Uber friendly, uber fast: Uber rebrand
Once upon a time, people got from A to B by hailing a taxi and paying the driver in cash once the journey was complete. Uber’s business model has turned this age-old tradition on its head, using apps on smartphones as a way to pair ‘riders’ with ‘partners’ without the inconvenience of visiting a cashpoint.
Uber's new visual identity, designed largely by its co-founder and CEO, Travis Kalanick, along with the Uber design team, marks a serious departure from the simplistic, monochrome vector which came to characterise the still-young company.
With the company now prevalent across 65 different countries, the new design is intended to be more flexible according to regions, with the five standard designs open to change according to your area. Respecting the localised aspects of what has become a global corporation is an intrinsic part of the Uber rebrand; its forward-thinking credentials are what drives its impressive turnover.
Previously a squared-off ‘U’ above the UBER brand name, the app icon has transformed into a more complex visual, designed to reflect the ‘bits’ and ‘atoms’ which the company employees felt made-up Uber’s brand identity. Eschewing the company name altogether in its new app design, the new visual has also foregone its ‘cold’ black and silver colour scheme, to be replaced with a softer, less harsh turquoise and light blue.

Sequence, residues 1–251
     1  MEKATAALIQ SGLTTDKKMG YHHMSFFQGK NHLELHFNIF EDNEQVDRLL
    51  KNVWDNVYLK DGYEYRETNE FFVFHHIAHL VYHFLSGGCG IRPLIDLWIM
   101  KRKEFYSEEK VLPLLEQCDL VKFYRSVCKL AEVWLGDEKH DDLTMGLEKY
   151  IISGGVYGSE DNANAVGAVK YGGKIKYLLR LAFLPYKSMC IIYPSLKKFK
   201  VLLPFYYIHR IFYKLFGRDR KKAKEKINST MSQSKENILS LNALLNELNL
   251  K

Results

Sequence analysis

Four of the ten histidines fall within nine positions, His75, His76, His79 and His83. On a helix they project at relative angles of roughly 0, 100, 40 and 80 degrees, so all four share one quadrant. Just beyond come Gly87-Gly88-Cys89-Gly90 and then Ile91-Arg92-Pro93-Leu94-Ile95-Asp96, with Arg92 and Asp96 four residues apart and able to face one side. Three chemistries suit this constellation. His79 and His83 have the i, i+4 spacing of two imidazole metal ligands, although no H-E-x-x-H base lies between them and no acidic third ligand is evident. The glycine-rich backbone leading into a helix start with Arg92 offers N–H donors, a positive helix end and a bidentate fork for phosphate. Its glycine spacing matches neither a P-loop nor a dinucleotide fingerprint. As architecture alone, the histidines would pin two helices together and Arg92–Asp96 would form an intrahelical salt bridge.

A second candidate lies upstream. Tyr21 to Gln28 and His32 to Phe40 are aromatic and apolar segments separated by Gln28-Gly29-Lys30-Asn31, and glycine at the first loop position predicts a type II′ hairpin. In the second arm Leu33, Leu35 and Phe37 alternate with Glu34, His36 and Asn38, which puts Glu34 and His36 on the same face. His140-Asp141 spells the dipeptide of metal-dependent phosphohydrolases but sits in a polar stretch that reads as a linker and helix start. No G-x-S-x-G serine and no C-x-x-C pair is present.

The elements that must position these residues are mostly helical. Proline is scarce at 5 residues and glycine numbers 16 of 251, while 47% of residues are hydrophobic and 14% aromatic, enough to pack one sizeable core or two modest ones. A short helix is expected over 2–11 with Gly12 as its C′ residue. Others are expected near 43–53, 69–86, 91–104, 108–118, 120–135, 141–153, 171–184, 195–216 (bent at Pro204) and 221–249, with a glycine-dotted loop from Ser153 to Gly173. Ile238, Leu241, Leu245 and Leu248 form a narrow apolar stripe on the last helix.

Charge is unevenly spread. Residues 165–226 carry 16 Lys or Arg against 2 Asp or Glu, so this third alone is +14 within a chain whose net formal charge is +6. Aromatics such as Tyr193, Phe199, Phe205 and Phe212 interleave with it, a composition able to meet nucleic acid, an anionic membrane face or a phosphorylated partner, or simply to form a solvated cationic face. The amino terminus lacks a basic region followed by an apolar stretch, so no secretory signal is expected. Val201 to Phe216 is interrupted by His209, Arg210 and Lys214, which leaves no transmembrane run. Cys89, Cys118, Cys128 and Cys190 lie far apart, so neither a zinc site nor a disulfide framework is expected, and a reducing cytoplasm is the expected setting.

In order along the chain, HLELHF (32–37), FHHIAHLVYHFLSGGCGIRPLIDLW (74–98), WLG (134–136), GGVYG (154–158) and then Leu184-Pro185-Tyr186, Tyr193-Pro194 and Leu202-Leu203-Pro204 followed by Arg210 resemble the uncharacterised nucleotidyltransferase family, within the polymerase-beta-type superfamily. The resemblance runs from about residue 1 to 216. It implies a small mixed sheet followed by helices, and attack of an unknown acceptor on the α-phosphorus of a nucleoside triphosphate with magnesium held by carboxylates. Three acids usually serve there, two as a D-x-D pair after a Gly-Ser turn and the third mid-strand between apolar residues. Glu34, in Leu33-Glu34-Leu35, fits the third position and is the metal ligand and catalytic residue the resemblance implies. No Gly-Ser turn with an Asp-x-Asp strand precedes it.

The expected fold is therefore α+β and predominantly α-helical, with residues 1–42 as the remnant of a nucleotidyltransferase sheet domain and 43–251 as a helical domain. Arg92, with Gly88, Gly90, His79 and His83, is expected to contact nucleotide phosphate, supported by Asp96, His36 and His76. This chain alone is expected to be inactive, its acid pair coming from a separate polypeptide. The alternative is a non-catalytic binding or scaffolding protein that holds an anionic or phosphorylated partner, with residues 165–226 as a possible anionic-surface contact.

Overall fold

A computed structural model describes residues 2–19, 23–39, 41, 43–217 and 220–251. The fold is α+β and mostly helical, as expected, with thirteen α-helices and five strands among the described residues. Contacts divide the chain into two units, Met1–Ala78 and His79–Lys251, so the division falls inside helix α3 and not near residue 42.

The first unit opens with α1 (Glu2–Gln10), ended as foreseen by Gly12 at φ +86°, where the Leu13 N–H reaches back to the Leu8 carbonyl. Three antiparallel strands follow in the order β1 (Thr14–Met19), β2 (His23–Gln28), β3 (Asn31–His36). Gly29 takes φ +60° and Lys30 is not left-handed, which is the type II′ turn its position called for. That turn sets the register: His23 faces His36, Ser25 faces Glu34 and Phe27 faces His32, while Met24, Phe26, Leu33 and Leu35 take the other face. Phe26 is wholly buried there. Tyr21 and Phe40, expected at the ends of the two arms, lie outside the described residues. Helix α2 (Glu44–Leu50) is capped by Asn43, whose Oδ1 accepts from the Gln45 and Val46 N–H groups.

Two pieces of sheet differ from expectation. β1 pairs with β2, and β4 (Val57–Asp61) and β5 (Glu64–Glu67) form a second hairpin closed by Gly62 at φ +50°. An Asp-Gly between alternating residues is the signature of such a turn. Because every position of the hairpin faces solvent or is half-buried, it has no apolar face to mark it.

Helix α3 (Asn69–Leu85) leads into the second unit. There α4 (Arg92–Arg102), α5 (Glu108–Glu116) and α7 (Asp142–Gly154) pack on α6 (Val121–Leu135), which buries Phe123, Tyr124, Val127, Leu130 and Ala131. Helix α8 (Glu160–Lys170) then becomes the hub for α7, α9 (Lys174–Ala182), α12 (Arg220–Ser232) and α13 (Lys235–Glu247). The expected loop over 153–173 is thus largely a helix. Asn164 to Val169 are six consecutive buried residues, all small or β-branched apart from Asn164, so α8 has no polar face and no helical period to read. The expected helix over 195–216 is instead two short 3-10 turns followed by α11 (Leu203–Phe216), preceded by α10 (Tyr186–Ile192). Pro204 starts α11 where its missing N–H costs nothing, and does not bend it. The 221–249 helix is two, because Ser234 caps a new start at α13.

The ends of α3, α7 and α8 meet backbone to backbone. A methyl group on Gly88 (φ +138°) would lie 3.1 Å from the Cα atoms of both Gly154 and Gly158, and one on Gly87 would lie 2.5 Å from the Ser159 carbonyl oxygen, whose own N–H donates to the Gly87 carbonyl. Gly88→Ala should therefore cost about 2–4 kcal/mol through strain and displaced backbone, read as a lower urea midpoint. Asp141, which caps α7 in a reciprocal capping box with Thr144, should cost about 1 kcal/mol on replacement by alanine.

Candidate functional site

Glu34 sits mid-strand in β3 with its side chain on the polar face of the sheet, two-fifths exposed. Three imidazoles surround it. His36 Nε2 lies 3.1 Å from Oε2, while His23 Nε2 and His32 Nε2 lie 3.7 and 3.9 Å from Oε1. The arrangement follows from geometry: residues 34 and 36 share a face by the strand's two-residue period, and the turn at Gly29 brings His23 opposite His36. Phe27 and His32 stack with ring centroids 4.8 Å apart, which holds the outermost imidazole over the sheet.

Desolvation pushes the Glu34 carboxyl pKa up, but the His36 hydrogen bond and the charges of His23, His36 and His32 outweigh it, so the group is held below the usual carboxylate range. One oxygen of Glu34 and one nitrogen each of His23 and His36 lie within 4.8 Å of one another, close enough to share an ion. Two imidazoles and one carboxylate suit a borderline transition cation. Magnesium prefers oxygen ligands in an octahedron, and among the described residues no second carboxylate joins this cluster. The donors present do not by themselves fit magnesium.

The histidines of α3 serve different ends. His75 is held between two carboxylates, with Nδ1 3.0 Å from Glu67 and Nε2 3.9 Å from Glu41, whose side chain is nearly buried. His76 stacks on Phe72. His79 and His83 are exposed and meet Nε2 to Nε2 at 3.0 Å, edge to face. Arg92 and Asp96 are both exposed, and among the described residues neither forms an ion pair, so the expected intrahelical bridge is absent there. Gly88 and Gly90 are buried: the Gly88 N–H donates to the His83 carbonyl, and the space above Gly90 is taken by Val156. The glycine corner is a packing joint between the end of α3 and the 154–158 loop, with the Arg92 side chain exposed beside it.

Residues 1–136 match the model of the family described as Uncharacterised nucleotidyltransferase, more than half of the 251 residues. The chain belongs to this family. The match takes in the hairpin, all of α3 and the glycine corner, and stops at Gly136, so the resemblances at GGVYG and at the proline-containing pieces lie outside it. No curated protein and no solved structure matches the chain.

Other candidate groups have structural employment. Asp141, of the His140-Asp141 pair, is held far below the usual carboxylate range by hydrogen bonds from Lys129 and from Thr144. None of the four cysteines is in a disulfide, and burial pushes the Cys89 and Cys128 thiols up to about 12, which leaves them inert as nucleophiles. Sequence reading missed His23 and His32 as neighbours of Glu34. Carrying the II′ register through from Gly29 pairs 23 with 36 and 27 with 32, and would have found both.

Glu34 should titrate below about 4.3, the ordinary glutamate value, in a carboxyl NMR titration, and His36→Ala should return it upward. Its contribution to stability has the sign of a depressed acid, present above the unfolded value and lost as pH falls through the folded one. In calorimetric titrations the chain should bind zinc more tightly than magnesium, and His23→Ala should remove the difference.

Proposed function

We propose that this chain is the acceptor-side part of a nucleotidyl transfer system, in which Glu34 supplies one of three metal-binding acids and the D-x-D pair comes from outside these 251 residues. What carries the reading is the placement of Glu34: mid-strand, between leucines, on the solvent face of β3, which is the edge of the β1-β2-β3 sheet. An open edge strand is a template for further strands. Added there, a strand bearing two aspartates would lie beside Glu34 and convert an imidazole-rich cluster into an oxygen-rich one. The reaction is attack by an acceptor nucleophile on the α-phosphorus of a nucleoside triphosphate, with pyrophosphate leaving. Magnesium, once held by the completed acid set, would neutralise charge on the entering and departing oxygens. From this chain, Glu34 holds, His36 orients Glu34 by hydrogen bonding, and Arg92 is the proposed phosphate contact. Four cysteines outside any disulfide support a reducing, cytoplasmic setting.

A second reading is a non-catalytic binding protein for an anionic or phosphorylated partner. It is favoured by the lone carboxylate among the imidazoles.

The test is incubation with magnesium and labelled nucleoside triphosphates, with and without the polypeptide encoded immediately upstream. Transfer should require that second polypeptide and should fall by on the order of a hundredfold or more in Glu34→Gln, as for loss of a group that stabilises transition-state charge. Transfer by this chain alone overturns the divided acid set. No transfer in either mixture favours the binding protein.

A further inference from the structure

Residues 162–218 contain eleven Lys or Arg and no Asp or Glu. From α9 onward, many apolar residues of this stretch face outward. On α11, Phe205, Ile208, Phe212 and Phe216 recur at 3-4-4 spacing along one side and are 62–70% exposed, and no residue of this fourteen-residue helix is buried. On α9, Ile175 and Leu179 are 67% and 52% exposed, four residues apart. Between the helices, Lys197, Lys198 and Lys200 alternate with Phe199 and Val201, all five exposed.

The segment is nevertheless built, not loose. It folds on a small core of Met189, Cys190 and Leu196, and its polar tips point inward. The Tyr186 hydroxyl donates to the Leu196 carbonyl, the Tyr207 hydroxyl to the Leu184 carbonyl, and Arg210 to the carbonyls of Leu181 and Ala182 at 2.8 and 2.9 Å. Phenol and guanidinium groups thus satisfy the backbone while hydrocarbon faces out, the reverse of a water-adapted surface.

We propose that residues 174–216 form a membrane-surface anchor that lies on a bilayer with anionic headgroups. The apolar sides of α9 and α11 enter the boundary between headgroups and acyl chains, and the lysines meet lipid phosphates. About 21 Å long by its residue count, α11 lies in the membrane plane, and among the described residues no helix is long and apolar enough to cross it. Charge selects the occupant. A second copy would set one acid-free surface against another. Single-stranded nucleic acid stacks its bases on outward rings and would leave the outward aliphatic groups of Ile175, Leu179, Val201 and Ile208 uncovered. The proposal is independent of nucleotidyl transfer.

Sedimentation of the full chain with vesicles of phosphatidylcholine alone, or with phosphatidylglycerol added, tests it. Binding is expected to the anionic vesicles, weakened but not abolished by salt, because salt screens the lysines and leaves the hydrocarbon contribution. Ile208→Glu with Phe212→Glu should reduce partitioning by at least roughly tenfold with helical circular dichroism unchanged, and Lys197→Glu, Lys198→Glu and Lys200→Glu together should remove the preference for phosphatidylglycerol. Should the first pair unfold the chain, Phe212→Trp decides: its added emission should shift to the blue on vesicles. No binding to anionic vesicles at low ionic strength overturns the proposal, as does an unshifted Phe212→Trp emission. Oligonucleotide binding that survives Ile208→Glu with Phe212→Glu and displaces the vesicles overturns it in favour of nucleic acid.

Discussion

The app icon also now differentiates according to the user, with the geometric shape at its middle appearing as a hexagon when the app is used by a company partner; for a rider, this is a square.
Regardless of the controversy surrounding Uber’s new identity and app design, a revamp of the user interface might be a cause for celebration. The new design provides a straightforward login screen, location provider and sidebar, bringing the geometric shape theme into consistency with the Uber website. A change in wordmark also lends a clarity and legibility to the company, traits consistent with Uber’s internal brand expectations.
The overall reaction to Uber’s drastic shift in visual identity and brand story remains to be seen. It is certain, however, that its journey away from being just a one-app service has begun.